I don’t believe social media and/or blogging has played a significant part in the development of my writing career. It can have a role to play (especially when you’ve written just one story and nobody has ever heard of you or of it) but at a certain point that usefulness can become exhausted, and can turn into negativity and distraction. I personally found blogging was sucking up far too much of my time and creative energy – not just writing my own blog, but reading the blogs of others – with far too little pay-off, and so I made a conscious decision to cut that out of my schedule quite some time ago. It freed up a huge amount of time. I’ve replaced it with ventures like Thirteen O’Clock which I feel contribute much greater value to me personally and also to my community. Regardless, I have never identified as a “blogger”. I have always been a writer.
I wouldn’t say writers should “improve” their use of social media (although I will say it sometimes bemuses me that some editors, more so than writers, seem unable to spell or punctuate on social media!). I think they, and everyone else, can use it however they like. It can be an effective promotional tool, but if it’s used solely for that, without at least some personality in between, it becomes ineffective spam. Personally if I want to see promotional material and nothing else, I will visit a publisher’s website (for example). If I want to see the human being behind the words, I’ll look at a writer’s social media, if it’s available. I might then find I don’t much like the writer, but that doesn’t mean I can’t still like their work (or vice versa). I prefer to see people being real people, not automatons. Go on with your bad self and cut loose on your social media. Use naughty words. Have fights. Whatever. At least it’s honest. I don’t really care!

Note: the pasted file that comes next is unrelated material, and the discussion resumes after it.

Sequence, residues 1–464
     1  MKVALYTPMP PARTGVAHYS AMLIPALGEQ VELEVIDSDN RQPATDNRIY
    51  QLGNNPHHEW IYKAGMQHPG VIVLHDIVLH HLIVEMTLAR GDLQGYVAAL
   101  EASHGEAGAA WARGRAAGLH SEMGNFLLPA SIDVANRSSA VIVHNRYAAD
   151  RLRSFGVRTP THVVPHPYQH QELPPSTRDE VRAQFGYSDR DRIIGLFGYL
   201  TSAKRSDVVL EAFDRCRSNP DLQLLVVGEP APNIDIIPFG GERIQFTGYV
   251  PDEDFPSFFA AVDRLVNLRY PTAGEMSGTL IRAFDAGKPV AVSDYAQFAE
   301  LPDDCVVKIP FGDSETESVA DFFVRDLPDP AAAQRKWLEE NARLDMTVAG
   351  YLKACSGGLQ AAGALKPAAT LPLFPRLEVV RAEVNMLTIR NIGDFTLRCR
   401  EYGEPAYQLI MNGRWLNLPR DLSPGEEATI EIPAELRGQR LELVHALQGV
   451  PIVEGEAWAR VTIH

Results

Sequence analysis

4. What Australian works have you loved recently?
Everything from Ticonderoga! Their Year’s Best series (the second volume of which is about to be released) is fabulous, as are all their consistently excellent anthologies, and if I can mention something in particular that I’m looking forward to from them in future: Lisa L Hannett and Angela Slatter’s “Midnight and Moonshine” will be an absolute treat.
I’ve been re-reading a lot of Paul Haines’ stuff lately (particularly his “Slice of Life” collection and his novella “Wives”, both favourites of mine from Paul’s extensive catalogue of work). No wonder we all miss him so much, not just as an exceptional human being, but as a writer whose talent was burning at its brightest when he left us.
Further on the topic of things I’m looking forward to, I can’t wait for Martin Livings’ collection. He’s one of our best writers, I believe, and continuously underrated. I’ve never read a story by Martin that I didn’t absolutely love. I admire his talent.
5. Two years on from Aussiecon 4, what do you think have been the biggest changes to the Australian SpecFic scene?
We lost Paul, and that left a vast scorched hole in the landscape of the Aussie spec fic scene. New writers, critics, and commentators have emerged in the scene, and it’s richer for their arrival. Some writers previously working predominantly in the short form have gone seemingly quiet, as they’ve withdrawn to work on longer pieces, and I can’t wait to see what they produce. Other writers have progressed in their careers and it’s wonderful to witness their growth. Some websites, publishers, and publications have folded, and new ones are slowly emerging in their place. I don’t think any of these changes are new in the grand scheme of things, they’re part of the recurring natural revolutions of any scene. I guess the emergence of e-publishing and e-reading as a valid (and increasingly popular) medium has strengthened since Aussiecon 4, but I don’t like acknowledging that, because I am a Luddite who will always prefer the smell, feel, and experience of actual books in my hands. Mmmmn, books…
This post is part of the 2012 Snapshot of Australian Speculative Fiction. We’ll be blogging interviews from 1 June to 7 June and archiving them at ASif!: Australian SpecFic in Focus. Snapshot 2012 is being conducted by Alisa Krasnostein, Kathryn Linge, David McDonald, Helen Merrick, Ian Mond, Jason Nahrung, Alex Pierce, Tansy Rayner Roberts, Tehani Wessely and Sean Wright. To read the interviews hot off the press, check our blogs daily from June 1 to June 7, 2012.